The second half of 2016 is likely to see Mercedes continue their domination of F1 while their rivals’ thoughts turn to next season.
The last time Formula One approached a major rules change of the kind we’ll see next year it prompted an unprecedented run of success from one team – and one driver.
Red Bull were leading the way in 2013 as the new V6 hybrid turbo regulations approaching at the end of the season. The dominated the second half of the year while their rivals were busy prioritising their 2014 designs: Sebastian Vettel won all nine races after the summer break.
Could Mercedes do the same again this year? They are already in a very strong position as Ferrari have clearly failed to build on the progress they showed last year.
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Teams performance in 2016
Over the past three races Red Bull have been the closest threat to Mercedes. This is now reflected in the championship points table as well, where Red Bull have overtaken Ferrari for second place.
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The upcoming races on the high-speed Spa and Monza tracks offer Ferrari’s best hope of hitting back at Red Bull. However Singapore, where Ferrari won last year, will surely be Red Bull’s best chance of winning a race in the second half of this season.
While most teams are now prioritising their efforts on their 2017 cars development will not come to a complete standstill, particularly in the area of power units which are not changing next season. Honda have indicated they will exhaust their allocation of power unit development tokens before the end of the year.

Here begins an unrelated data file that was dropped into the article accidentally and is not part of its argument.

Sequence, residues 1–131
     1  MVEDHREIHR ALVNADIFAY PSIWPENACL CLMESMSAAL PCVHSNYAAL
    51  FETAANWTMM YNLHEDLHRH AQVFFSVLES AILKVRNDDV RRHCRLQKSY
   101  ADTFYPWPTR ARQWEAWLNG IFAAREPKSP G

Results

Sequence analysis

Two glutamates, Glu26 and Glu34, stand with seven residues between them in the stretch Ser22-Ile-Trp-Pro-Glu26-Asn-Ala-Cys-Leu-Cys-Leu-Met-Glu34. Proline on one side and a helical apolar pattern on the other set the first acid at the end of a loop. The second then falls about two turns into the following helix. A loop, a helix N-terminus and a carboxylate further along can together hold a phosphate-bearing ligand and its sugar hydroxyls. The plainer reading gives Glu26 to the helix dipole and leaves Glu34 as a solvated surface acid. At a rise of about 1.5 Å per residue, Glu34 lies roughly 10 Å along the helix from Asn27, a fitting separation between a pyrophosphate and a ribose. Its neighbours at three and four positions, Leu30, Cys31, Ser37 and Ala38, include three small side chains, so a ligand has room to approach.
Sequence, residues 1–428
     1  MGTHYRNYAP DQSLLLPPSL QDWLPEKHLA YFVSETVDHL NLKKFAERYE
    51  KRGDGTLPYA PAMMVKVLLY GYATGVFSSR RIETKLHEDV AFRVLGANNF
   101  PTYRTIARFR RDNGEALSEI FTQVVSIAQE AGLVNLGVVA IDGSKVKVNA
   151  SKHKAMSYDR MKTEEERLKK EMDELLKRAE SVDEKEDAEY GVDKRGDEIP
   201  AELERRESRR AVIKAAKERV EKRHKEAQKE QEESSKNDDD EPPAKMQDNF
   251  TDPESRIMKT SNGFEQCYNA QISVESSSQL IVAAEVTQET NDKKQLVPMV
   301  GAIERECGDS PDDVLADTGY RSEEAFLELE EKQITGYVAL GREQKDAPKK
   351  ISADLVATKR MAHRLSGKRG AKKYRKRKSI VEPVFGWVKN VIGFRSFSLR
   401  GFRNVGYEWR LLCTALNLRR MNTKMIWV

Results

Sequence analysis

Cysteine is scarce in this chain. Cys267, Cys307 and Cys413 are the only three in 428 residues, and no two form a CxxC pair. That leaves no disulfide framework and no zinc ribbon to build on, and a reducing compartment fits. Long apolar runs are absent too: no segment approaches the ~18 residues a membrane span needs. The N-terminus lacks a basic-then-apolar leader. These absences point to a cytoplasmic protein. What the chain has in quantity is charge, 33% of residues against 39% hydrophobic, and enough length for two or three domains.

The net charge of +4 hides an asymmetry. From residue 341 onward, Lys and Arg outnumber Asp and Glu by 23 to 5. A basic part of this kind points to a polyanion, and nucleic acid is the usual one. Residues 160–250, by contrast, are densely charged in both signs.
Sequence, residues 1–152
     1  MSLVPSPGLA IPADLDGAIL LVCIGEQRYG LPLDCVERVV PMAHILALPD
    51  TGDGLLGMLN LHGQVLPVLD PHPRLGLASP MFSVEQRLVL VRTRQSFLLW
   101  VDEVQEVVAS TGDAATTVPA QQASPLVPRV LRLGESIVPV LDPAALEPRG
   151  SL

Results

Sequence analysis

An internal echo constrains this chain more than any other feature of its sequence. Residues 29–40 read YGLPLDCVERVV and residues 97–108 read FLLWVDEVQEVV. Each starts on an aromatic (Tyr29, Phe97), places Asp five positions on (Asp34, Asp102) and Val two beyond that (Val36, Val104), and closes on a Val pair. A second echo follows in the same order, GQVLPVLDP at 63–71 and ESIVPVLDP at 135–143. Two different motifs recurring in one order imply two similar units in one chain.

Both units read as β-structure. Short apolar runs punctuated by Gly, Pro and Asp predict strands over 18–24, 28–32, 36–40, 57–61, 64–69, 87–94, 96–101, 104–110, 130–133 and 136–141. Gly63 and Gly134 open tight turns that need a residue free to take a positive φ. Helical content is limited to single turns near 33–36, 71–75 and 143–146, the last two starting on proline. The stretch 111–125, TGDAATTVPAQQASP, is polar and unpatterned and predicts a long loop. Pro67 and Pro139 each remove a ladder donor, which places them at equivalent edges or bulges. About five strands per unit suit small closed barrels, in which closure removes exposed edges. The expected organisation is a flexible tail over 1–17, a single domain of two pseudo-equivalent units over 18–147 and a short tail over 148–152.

In terms of aerodynamic development, Toro Rosso have already indicated they still have parts to bring for their late-developed car. And Sauber have some upgrades coming on-stream for the second half of the year following the resolution of their financial problems.
Teams performance trend 2013-16
While periods of stable regulations normally lead the top teams to converge in performance, Mercedes’ rivals have struggled to narrow the gap in the V6 hybrid turbo era. Having ended the V8 era in dominant fashion Red Bull slipped back in 2014 and lost even more ground the following year.
With much to be gained from prioritising development for next year’s new aerodynamic rules it’s hard to see Mercedes’ rivals making major gains in the second half of this season.
But while Red Bull did all the winning at the end of 2013 Mercedes were laying the foundations for the success that followed. Now may be Red Bull’s time to strike back, particularly as the coming rules changes play towards their traditional strengths in aerodynamic development.
NB. Renault: Lotus in 2013-15
Over to you
How do you interpret the trends in car performance this season and over the past four years? Will Mercedes’ rivals capitalise on the chance to close the gap in 2017?
And can Lewis Hamilton or Nico Rosberg repeat Vettel’s feat of winning all the remaining races? Have your say in the comments.
2016 F1 season
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